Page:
Smaller companies and professional service firms may only prepare Cash Basis Accounting statements, or they may prepare a hybrid referred to as Modified Cash Basis Accounting.  For example, most law firms prepare their internal financial statements on a Cash Basis, but also track their accounts receivable (bills sent to clients, but not yet paid).  Accounts receivable is an Accrual Accounting concept, but an important financial statistic for a law firm to manage even if it prepares primarily Cash Basis financial reports.

How Can You Tell What Is Being Shown in Financial Information Provided?

Most financial statements will say whether they are being presented on an Accrual or Cash Basis.  The notes that accompany reviewed or audited financial statements will clearly state the basis of presentation.  Most software that companies use to prepare their internal financial statements can present both Accrual and Cash Basis statements.  Therefore, the common software applications will often state in the header of each report which basis of presentation is being used for that specific presentation.

Even if it is not labelled, there are obvious clues.  If on the Balance Sheet there are items associated with Accrual Accounting, the statements are presented on an Accrual Basis (or a hybrid Modified Cash Basis).  The Accrual associated accounts include accounts receivable, accounts payable, prepaid expenses, and deferred revenue, among others.


It is important to understand the difference between Accrual and Cash Basis Accounting before attempting to interpret financial information and financial statements.  Accrual Basis Accounting recognizes revenues and expenses when they are incurred, which may be a different point in time from when the cash might actually change hands.  For that reason, in Accrual Accounting it is necessary to track things like accounts receivable (outstanding invoices to customers) and accounts payable (outstanding invoices from vendors).  Accrual Accounting is required for the public companies in the U.S. and is common among midsize and larger companies.  Cash Basis Accounting, conversely, records transactions only when the cash changes hands.  It is sometimes considered more simplistic and commonly used by smaller firms and firms in certain industries (i.e., professional service firms).  To appropriately interpret accounting or financial information, the reader should understand the basis upon which that information was prepared.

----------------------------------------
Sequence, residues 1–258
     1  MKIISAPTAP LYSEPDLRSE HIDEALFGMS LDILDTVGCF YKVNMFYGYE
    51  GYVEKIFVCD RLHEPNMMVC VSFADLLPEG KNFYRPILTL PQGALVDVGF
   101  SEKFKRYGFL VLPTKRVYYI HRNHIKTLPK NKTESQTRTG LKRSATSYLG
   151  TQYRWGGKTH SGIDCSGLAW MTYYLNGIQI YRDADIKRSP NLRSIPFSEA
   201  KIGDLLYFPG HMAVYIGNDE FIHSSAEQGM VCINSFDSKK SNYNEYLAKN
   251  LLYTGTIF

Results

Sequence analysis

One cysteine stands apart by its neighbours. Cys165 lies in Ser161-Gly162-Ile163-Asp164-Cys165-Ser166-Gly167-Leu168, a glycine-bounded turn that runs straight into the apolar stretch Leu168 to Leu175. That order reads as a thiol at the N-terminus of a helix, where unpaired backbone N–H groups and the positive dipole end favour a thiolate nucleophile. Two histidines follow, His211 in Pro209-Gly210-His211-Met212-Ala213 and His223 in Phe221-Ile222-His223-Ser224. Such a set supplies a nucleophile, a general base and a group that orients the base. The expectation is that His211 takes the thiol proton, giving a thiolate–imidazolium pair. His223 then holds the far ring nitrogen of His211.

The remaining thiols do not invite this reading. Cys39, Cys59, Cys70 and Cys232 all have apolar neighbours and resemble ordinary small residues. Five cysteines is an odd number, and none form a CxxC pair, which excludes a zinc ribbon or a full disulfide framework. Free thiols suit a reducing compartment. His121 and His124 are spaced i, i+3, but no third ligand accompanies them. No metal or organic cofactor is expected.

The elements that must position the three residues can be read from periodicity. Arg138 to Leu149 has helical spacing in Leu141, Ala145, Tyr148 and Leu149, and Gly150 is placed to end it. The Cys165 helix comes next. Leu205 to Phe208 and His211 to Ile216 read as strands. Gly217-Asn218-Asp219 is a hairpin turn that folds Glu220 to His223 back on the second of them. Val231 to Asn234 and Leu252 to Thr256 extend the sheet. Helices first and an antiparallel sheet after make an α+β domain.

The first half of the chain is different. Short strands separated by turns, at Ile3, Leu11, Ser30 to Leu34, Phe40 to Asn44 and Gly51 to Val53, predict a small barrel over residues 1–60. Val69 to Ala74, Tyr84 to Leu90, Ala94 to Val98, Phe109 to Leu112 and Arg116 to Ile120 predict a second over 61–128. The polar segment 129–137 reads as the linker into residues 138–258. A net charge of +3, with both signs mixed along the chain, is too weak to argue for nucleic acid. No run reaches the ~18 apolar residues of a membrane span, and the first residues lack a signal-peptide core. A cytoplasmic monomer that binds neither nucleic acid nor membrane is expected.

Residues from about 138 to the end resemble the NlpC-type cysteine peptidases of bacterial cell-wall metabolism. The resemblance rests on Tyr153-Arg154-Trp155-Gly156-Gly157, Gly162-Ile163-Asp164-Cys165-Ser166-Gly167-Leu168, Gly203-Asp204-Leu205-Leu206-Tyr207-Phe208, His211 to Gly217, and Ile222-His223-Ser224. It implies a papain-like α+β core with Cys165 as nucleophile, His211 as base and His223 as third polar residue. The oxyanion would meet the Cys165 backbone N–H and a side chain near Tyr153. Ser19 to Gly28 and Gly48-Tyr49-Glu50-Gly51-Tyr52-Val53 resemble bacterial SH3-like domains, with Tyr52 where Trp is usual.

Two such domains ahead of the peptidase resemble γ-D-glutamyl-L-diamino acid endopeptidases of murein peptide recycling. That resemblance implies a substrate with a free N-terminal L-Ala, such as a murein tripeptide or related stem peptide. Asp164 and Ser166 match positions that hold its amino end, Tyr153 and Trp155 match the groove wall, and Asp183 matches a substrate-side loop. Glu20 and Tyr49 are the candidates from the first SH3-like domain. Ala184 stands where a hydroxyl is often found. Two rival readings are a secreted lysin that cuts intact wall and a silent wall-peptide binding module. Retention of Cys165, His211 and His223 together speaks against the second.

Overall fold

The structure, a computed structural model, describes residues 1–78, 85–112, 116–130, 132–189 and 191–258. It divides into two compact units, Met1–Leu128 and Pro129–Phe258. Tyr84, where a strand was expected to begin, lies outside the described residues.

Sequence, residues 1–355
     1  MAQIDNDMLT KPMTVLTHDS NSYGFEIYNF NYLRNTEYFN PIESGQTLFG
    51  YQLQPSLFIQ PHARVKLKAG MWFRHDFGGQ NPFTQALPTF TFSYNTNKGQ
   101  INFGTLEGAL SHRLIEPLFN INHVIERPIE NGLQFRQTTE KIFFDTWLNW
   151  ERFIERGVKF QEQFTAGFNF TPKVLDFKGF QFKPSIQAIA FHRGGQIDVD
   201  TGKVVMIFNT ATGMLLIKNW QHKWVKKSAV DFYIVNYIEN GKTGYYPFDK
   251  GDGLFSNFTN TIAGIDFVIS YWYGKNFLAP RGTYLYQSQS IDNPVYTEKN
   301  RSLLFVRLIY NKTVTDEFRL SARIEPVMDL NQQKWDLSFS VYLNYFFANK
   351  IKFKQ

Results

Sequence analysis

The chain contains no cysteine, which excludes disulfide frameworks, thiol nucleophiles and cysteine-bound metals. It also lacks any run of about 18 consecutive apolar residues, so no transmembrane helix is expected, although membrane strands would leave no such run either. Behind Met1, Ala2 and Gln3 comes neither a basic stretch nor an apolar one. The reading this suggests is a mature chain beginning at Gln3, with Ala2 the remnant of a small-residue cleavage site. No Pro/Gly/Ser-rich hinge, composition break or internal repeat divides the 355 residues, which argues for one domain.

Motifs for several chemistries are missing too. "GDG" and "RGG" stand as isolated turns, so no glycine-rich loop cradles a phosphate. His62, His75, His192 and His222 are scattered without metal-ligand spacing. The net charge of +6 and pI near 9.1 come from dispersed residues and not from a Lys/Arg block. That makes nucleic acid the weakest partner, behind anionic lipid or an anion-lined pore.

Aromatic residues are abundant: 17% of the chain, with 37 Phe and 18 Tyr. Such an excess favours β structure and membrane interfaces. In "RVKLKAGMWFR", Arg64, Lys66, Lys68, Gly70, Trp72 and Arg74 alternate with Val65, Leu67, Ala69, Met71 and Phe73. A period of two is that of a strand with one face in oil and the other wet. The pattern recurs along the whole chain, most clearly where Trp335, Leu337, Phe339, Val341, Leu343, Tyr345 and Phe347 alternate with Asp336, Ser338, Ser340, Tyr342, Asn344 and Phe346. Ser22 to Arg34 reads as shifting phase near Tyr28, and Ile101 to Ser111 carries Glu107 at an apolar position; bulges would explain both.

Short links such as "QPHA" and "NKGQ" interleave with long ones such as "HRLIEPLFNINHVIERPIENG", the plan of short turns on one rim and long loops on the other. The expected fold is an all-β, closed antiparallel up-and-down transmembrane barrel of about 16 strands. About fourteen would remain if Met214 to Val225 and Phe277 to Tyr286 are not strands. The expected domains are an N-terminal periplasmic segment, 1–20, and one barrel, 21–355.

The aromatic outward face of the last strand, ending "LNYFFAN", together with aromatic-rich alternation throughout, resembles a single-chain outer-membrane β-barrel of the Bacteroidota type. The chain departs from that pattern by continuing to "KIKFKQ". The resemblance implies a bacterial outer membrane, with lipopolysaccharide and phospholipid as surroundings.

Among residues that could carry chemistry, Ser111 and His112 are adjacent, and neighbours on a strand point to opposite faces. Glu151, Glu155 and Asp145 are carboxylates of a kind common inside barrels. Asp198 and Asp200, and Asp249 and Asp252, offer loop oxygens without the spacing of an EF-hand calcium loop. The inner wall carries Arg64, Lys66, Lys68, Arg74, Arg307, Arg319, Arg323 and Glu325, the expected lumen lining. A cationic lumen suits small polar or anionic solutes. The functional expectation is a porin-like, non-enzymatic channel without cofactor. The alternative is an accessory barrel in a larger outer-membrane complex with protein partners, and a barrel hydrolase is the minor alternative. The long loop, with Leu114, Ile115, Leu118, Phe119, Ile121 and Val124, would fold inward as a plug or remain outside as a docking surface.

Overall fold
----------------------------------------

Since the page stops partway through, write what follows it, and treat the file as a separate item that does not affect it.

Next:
About the Series 

Finance 101 for Lawyers is an ongoing educational series of professional insights intended to explain core accounting, finance, and business valuation concepts to lawyers.  The series is designed to provide an overview of these topics to assist lawyers as they counsel their clients on financial issues and present financial information to judges and juries. 

Note that the discussion represents an overview of certain financial concepts.  As with any summary, certain nuances and complications are not addressed in detail.  Appropriate financial analysis should consider the specific facts and circumstances of each situation.

About the Author

Brian Dies, CFA, ASA is a Principal at Archway Research and is an expert in the financial analysis of complex transactions, business valuations, and damages in commercial disputes.  Mr. Dies holds the Chartered Financial Analyst designation and is also an Accredited Senior Appraiser in the Business Valuation discipline with a specialty designation in Intangible Asset Valuation.  Mr. Dies has also spent time as an Instructor at the Harvard University Extension School teaching Business Valuation at the graduate level.